Around The World

Around The World Costume Theme

In this section we look at fancy dress parties that have countries as their theme. Whether you are looking at the entire world including the polar regions, a specific continent such as Europe, or even a particular country, take a look at the left navigation bar and you will be able to find all the information that you will need.

This fancy dress theme could also be called:

  • Countries
  • Eurovision (just look at the countries that are allowed to take part)
  • Nationalities

During any given year, there are times when costumes representing countries of the world, might come in useful. The first obvious example is one of the many National days around the year. Here in Britain, we have the opportunity to celebrate England (April 23rd – St George’s Day and Shakespeare’s birthday), Wales (March 1st - St. David’s Day) and Scotland (November 30th – St Andrew’s Day), plus, of course, Ireland on March 17th (St. Patrick’s Day). We might equally well choose to celebrate the French National holiday on July 14th or American Independence Day on July 4th. Also, once a year, the Eurovision Song Contest may inspire a European based national costumed theme event (despite Britain’s recent lack of success).

When choosing a costume to represent a country, you are not necessarily opting for the official national costume as such. (No-one seems quite sure what the national costume of England is – a Morris Man or a Beefeater seem the main choices). It needs to be a costume that epitomises the country, even if it may be something of affair stereotype. No one seriously imagines that all German males wear lederhosen breeches, but it is an iconic and popular look. Similarly, very few Australians have probably had cause to make use of a hat with dangling corks, but many party-goers would consider it an integral part of an Aussie costume. We hope that we do not offend anyone, but it is meant to be a bit tongue in cheek!

Here are a few suggestions for Countries of the World

  • Morris Dancer or Beefeater to represent England
  • French Maid, Moulin Rouge Dancer, Frenchman or Gendarme for France
  • Matador or Flamenco Dancer representing Spain
  • Germany – Lederhosen and Bavarian hat. The female equivalent is the dirndl skirt (sometimes spelled dirndle).
  • Venetian – We stock a wide variety of Venetian style masks, and this can be teamed with a hooded cloak or cape and hat (the tricorn style works well).
  • Italy/Roman – Aside from the Venetian (above) or a Gangster (for the Mafia), Italy may be best represented by Togas or the Gladiator Costumes of Ancient Rome.
  • Greece – As with Italy, Greece may be represented by Togas (unless you favour the Demis Roussos-style robes).
  • Egyptian – Fezes and colourful Arabian-style robes may be used, or again, you can opt for the Cleopatra/Neferetiti/Pharoah look.
  • Arabia – Arabian Sheiks and Belly Dancers may be an obvious stereotype, but they can add the exotic element of Eastern Promise.
  • India – Standing between the Middle East (Arabia/Egypt) and the Oriental Far East of China, Japan, etc. India offers opportunities for Saris, Dhotis and Lungis, although you can also look to Bollywood for further costume ideas.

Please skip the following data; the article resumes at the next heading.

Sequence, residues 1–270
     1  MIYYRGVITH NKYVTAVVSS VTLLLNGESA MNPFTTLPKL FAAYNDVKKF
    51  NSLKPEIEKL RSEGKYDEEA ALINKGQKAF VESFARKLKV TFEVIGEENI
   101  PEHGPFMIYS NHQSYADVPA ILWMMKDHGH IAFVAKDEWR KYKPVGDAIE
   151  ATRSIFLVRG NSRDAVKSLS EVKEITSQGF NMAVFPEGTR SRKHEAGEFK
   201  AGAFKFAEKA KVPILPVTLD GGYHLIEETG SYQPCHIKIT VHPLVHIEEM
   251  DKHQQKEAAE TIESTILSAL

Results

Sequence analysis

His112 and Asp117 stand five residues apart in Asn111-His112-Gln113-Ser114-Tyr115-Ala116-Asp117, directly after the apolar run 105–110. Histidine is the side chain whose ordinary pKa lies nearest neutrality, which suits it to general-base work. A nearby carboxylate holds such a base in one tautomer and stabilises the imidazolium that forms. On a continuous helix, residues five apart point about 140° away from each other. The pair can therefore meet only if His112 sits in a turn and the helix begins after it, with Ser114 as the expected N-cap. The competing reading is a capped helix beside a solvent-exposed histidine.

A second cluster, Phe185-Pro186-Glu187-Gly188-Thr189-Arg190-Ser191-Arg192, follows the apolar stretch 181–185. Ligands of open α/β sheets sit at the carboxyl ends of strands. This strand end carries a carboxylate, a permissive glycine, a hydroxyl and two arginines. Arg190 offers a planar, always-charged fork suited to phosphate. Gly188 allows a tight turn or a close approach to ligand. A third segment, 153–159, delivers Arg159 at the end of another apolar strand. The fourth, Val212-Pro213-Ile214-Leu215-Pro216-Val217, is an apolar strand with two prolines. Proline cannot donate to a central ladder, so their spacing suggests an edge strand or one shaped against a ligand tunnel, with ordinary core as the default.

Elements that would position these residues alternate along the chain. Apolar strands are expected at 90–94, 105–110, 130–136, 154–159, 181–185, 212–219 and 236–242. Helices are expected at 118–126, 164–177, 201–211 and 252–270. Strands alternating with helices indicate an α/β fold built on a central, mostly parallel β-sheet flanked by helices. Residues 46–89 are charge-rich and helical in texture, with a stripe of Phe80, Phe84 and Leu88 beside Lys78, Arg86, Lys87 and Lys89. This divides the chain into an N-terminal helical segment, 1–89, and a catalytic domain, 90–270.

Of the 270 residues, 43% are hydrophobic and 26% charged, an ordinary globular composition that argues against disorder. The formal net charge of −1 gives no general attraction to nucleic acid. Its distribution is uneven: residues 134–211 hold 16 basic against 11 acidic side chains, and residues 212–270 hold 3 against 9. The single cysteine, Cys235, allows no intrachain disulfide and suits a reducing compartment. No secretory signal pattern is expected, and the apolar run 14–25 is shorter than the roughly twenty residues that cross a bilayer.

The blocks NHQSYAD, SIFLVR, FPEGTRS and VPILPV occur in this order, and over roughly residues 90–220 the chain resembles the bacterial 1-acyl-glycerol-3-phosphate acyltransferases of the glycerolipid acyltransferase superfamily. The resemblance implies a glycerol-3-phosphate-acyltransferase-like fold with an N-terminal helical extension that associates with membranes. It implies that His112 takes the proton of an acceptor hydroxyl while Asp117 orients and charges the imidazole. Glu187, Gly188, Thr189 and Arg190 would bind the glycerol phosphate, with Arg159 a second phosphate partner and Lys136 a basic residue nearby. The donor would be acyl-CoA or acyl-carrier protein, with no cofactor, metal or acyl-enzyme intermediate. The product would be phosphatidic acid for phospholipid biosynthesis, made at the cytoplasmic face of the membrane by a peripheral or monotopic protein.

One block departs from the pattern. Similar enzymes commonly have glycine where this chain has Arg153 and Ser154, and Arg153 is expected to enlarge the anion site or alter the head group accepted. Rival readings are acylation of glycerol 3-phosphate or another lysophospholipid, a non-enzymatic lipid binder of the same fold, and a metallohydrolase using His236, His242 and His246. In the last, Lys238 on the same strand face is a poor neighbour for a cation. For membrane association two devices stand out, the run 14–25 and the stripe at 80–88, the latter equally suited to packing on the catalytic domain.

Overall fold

• China – The traditional stereotype look is the two-piece silk tunic and trouser outfit with the shallow pointed Chinese hat (sometimes with an integrated pigtail). An alternative is the fitted and elegant Cheongsam.
  • Japan – Popular characters are the Geisha (elegant and the make-up, though elaborate and requiring some time/effort, is worth the effort), the black-clad Ninja or the more elaborate Samurai.
  • America – Like Britain, a single American national costume is difficult to define: One can choose the patriotic Uncle Sam or Lady Liberty (or Statue of Liberty) outfits. Alternatively, an American footballer or Cheerleader can work, as can Cowboys/Girls and Native American outfits. For a simple option, use  Hawaiian Shirts.
  • Canada – Unless you can find a Beaver outfit (there are some on the market, but they tend to be the non-party friendly mascot style), the choice is a Canadian Mountie.
  • Mexico – Aside from the Mexican Poncho & Sombrero approach, there are, uniquely, some food costume options such as the Taco, the Tequila bottle or the Chilli Pepper.
  • Latin America – Aside from ponchos (as used by gouchos on the pampas), Latin America is usually portrayed with dance costumes in the Latin/Spanish style – Flamenco, Brazilian, Rumba or Salsa or characters such as Carmen Miranda. With the Olympics and World Cup in prospect, some may choose the Brazilian football kit option, or our Rumba Man costume
  • Caribbean – Possibly the best known of the Caribbean countries is Jamaica, with its dreadlock Rastafarian look or Bob Marley-style outfits. For an alternative colourful look, how about the carnival costumes of Trinidad & Tobago.
  • Russia – Choices here probably involve fur-hatted Cossacks or the peasant-like Baboushkas.
  • Australian – As mentioned above, the stereotype image is the Outbacker in a safari-suit and corked hat. Alternatively you can choose characters such as Dame Edna Everage or Crocodile Dundee.If you can’t settle on a particular country, why not go as a Tourist? There are a few OTT designs on the market, or you can improvise your own using items you have picked up on your own travels.Further alternatives are Animals from particular Countries. Bon voyage.

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